Accessing Community Board Funding for the Safety of our Community
Tuesday, September 22nd, 2020
It was learnt at the September Missendens Community Board meeting that a new Automatic Number Plate Recognition (ANPR) device had been installed in the locality.
Great credit must go to one local organisation, and one resident in particular, who pushed tenaciously for ANPR coverage over an extended period. Having gained partial funding from the old Local Area Forum (LAF), and with the support of local Neighbourhood Police, they succeeded in getting the remainder of the funding from Thames Valley Police.
This is an important example in the context of the new Buckinghamshire Council Community Boards (CBs). These are the successors to the LAFs, but have significantly greater funding available. Having identified key local concerns, each CB has set up working parties or sub-groups to work on issues. The working groups will be looked to for ‘action ideas’, and encouraged to apply for funding.
Of course, you don’t need to be a member of a sub-group – any organisation meeting laid-down criteria can apply, and the application needs also to meet the objectives of one of the three funds: Community Area Priorities Fund; Health and Wellbeing Fund; Local Infrastructure Fund.
The definition of these funds are quite broad, and community-minded residents who have a particular interest or concern should be able to make a difference by participating in their Community Board.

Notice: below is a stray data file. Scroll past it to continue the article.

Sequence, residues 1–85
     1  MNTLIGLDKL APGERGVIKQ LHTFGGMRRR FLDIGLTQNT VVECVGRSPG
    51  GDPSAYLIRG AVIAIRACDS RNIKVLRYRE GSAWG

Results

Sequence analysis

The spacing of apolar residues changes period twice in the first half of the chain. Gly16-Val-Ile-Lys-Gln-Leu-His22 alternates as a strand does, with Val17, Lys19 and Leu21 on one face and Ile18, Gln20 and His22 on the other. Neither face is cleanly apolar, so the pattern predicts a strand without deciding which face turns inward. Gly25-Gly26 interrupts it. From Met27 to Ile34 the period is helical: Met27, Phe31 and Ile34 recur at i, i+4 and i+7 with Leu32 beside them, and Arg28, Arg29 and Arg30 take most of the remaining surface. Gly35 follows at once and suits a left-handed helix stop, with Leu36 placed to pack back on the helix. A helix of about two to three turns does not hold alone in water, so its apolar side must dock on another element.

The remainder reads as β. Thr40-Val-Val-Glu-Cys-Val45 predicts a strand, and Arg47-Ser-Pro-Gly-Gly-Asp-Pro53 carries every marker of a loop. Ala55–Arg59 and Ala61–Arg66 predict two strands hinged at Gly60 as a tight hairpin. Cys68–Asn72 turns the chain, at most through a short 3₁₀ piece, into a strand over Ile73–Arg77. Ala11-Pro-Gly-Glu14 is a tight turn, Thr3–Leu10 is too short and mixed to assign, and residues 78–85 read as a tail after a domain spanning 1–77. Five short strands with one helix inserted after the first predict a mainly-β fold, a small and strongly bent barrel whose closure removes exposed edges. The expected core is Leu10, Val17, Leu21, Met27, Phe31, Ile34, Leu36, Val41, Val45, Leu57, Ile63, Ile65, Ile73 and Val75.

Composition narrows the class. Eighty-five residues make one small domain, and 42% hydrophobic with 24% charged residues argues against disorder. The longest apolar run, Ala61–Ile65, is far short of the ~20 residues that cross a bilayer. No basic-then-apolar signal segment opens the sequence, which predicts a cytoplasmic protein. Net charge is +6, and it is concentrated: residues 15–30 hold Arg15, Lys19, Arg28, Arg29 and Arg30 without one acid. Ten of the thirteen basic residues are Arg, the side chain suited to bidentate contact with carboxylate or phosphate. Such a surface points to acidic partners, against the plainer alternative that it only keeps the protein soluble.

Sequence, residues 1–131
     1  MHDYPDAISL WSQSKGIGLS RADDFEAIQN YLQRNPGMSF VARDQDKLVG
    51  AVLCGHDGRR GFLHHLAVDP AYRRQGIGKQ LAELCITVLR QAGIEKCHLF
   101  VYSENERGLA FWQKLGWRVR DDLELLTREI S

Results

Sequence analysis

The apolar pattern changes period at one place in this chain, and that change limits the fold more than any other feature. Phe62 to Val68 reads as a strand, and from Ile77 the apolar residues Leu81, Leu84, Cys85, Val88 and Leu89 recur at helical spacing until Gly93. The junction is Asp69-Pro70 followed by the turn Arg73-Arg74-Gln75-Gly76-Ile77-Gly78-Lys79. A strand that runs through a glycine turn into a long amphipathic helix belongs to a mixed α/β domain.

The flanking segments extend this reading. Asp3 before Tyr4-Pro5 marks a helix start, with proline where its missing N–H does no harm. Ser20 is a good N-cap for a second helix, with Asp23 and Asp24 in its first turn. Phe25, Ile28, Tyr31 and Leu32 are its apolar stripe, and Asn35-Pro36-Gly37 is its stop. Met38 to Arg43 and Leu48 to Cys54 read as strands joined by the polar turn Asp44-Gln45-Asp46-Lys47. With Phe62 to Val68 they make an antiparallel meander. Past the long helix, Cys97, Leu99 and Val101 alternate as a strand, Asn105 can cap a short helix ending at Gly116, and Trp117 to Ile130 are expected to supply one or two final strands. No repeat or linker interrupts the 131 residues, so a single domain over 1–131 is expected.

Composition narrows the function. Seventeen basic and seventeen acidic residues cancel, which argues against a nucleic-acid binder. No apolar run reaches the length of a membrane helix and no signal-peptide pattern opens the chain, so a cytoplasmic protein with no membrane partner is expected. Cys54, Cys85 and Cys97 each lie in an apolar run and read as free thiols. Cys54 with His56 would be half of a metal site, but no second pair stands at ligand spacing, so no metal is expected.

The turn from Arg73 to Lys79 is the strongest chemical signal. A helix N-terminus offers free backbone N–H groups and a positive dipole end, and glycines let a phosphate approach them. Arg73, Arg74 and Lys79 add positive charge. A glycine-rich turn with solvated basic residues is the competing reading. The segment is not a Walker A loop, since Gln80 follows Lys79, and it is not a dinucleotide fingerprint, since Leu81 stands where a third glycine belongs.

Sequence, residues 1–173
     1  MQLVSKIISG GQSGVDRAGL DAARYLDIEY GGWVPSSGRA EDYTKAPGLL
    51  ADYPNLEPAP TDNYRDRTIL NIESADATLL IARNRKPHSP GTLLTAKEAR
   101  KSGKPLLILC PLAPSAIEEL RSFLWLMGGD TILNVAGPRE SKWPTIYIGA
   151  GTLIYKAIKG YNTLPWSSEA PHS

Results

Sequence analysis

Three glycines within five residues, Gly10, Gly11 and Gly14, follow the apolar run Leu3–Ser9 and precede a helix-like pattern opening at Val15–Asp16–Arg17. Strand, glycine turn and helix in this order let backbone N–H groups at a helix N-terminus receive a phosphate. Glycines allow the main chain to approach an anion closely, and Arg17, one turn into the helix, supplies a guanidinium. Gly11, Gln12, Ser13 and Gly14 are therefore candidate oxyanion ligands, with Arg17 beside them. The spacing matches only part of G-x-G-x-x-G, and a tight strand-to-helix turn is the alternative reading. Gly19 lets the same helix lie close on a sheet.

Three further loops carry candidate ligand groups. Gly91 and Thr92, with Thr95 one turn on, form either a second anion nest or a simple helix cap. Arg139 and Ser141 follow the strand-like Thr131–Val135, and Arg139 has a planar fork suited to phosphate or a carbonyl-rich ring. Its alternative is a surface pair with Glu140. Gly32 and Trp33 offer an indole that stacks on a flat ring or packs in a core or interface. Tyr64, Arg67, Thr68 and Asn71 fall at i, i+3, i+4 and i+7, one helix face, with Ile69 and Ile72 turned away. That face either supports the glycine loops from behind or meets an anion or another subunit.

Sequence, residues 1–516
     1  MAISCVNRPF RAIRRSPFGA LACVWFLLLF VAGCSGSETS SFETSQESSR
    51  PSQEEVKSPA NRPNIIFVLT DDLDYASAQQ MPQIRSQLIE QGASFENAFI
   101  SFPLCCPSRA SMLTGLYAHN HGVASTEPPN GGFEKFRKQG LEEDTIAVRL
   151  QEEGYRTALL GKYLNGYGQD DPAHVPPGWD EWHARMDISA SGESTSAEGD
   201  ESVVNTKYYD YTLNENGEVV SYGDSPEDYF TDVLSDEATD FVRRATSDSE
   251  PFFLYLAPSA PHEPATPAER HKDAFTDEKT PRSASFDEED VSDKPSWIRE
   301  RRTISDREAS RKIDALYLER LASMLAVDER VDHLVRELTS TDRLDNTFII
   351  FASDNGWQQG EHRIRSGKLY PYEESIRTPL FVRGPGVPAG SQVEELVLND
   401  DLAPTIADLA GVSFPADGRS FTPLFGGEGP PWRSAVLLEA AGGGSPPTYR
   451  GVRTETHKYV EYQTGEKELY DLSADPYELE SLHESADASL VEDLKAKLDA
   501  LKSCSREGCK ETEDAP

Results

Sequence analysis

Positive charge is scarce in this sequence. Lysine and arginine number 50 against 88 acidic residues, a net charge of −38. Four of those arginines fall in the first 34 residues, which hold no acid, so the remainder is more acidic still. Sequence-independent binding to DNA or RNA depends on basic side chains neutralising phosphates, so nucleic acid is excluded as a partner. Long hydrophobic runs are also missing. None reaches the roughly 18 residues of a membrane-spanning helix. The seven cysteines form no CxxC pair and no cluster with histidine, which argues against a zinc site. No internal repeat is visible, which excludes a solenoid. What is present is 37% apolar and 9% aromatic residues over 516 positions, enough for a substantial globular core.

Please see our earlier post, ‘Community Boards taking Shape’
ANPR – what it is and how it works
An exciting development for Chiltern as a whole is that it is the first Thames Valley force area to receive in-car ANPR’s. Till now, these have been normally only in traffic cars and armed response vehicles.
Thames Valley Police explains that it uses ANPR technology to help detect, deter and disrupt criminal activity at a local, force, regional and national level, including tackling travelling criminals, organised crime groups and terrorists.
As a vehicle passes an ANPR camera, its registration number is read and instantly checked against database records of vehicles of interest. Police officers can intercept and stop a vehicle, speak to the occupants and, where necessary, make arrests. Searches of ANPR data can identify vehicles associated with crime and terrorism and can dramatically speed up investigations.
The use of ANPR in this way has proved to be important in the detection of many offences, including locating, for example, persons wanted for arrest or missing, witnesses, stolen vehicles, tackling uninsured vehicle use and uncovering cases of major crime.
Precise locations of ANPR devices are deliberately not publicised in order not to undermine their effectiveness. For some this raises the spectre of Big Brother, but if operated properly, it’s only baddies that need fear ANPR. Clear rules exist to control access to ANPR data and to govern conditions of storage.
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